Scene 11 Henry V – Roker Park
I love Shakespeare, I really do. Obviously that’s no surprise to those who know me, but there is a point to me declaring my undying love on here.
Every year, Corinne Kilvington with Theatre Space NE put on “Plays in the Park”, with the exception of last year, and I shall come onto that shortly. Naturally this year I went to Henry V in Roker Park.
Now, the quality is always high, but this year it was out of the park, pardon the pun.
Henry V is a difficult play. The audience are actually told throughout that they’re watching a play, and are begged to use their imagination. In the age of CGI in films, and elaborate sets on stage, that’s a heck of an obstacle to overcome, but overcome it this troop did.
Further challenges involve the numerous accents required, and the ability to speak fluent French, but the cast rose and surpassed these potential pitfalls, a credit to Corinne’s eye and expectation of excellence. Plus, this is no static play, but the whole point of it being in an outdoor space is to utilise the space. The audience follow the cast around, meaning that the actors not only have lines and blocking to learn, but the rigours of different terrain, changing in bushes, where necessary, and staying in character while sometimes running between locations. This makes the whole thing a physical feat for our thesps, especially, if like today, the weather threatens.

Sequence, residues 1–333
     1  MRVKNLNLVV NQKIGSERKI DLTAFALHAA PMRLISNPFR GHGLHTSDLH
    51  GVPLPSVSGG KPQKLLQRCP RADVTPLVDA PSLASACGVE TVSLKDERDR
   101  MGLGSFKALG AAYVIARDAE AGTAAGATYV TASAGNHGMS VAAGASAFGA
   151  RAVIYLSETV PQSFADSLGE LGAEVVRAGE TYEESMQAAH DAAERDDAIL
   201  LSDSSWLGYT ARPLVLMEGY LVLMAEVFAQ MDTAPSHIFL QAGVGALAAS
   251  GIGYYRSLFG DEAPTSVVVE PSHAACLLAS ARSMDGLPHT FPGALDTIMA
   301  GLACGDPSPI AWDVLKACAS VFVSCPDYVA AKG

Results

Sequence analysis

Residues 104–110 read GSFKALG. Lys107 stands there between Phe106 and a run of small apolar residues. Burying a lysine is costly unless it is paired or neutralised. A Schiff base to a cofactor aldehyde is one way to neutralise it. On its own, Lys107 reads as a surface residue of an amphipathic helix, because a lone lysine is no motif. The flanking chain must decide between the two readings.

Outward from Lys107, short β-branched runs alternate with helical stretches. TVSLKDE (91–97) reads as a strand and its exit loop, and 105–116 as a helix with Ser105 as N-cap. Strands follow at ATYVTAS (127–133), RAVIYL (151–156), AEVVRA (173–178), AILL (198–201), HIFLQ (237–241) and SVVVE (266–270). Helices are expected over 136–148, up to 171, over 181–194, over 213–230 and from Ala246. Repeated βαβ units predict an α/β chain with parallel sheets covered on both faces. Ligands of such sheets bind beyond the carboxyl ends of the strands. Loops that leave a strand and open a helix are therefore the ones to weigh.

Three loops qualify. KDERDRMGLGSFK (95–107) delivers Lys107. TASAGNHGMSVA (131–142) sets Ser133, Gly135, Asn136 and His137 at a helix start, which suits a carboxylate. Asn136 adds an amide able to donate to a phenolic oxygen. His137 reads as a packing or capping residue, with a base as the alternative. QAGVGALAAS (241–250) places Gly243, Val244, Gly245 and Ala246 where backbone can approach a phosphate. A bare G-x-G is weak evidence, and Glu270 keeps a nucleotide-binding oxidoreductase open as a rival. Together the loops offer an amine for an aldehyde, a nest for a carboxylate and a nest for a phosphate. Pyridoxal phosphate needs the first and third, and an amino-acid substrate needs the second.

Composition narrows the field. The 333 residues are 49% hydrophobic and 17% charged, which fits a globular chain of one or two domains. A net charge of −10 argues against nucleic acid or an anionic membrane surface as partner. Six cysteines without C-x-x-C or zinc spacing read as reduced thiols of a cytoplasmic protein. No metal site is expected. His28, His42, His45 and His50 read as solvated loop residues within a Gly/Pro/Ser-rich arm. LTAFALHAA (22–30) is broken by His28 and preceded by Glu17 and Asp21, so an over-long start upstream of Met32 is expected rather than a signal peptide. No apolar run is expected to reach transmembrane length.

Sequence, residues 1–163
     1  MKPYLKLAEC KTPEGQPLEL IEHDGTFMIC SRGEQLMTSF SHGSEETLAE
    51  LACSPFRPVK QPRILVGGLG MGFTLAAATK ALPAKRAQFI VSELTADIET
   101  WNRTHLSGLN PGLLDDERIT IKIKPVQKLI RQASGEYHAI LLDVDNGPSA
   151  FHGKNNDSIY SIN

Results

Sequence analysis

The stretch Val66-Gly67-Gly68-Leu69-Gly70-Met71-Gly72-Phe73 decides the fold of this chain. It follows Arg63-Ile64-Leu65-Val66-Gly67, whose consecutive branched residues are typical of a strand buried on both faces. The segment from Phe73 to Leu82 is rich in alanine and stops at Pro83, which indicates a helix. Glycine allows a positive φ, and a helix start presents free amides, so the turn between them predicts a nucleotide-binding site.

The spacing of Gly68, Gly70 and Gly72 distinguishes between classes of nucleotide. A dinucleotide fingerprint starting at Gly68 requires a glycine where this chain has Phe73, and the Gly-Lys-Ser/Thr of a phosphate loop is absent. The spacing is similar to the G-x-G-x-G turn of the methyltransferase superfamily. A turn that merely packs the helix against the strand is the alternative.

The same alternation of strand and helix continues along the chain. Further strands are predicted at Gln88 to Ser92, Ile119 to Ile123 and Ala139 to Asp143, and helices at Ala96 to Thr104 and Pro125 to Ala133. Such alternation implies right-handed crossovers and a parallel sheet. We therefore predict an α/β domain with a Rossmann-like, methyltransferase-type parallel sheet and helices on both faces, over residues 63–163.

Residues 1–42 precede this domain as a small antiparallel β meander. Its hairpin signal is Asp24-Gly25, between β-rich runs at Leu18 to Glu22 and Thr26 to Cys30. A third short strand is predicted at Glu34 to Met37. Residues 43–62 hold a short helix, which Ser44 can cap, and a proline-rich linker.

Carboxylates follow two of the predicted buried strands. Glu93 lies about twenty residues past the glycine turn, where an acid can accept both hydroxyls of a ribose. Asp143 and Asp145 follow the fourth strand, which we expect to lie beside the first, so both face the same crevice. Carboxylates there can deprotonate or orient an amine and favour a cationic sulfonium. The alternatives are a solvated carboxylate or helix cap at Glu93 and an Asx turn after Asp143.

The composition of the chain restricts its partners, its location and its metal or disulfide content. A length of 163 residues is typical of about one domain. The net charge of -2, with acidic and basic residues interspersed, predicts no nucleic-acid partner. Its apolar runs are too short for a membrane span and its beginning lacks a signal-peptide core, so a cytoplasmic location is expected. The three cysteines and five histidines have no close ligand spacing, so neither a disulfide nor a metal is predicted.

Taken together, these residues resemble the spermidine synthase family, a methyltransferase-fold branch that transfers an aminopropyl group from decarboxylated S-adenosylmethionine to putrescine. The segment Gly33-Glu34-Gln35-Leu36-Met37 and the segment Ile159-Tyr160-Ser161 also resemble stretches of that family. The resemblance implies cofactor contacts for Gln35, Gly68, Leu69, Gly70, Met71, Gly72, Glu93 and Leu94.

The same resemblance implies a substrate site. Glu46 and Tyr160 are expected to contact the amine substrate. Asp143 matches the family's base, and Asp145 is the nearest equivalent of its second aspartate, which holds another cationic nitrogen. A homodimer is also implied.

I have nothing but admiration for the commitment to the task shown by this talented bunch, and believe me, I can be very critical if chinks show in something.
Not only that, but rather brilliantly, the audience is divided into English and French, and as we moved from scene to scene, there were English routes and French routes, and at moments of great speeches, each King would appeal to his segment of the audience. Audience-participation in Shakespeare – yes, and it worked.
Now as to why this is a project that should continue. Last year, no funding came through for it, so it didn’t run. We all know the Arts in this country are under attack, and that Theatre is becoming an increasingly elite, yet here is something that is truly of the people for the people. Tonight, there were at least 5 Primary School aged children, who stayed for the entire 1 hour 45 mins, watched in silence, without having to be told, and one little boy filmed it because he was so into it.
I’m an advocate of going to the theatre, as you all know, but where that is an unobtainable thing, where do people go to introduce their children to Shakespeare, or Marlowe, or Jonson. This is perfect. The whole thing is sold as an adventure, which it is, as you don’t know which location you’re moving to next, and because it’s in a park, it’s really intimate; you are right there in the moment with the actors. That is our children need to see.
Theatre isn’t stuffy, silent, and rigid. It’s exciting, even life-changing. And, why not encourage our children to aspire to something that’s right there, not miles away on a Proscenium arch, behind the fourth wall, and by that I don’t mean don’t take your children to the theatre, do, but if you want a truly visceral performance, then “Plays in the Park” is it.
The Arts are a vital part of human existence. They tell us who we are, or allow us to find that out. They both support and challenge our perceptions. They are our safe spaces to explore new ideas and create new concepts. They teach us empathy, tolerance, and to consider the consequences to our actions.
In terms of this Art, I know what people’s perceptions of Shakespeare can be. And if you want to see something that breaks any idea of it being inaccessible, elitist, and out of touch, then this is it.
Moreover, this is local. It showcases what we can do, and that should be celebrated.
So get yourselves along to Roker Park, Saturday 20th or Sunday 21st July at 7pm. You won’t regret it.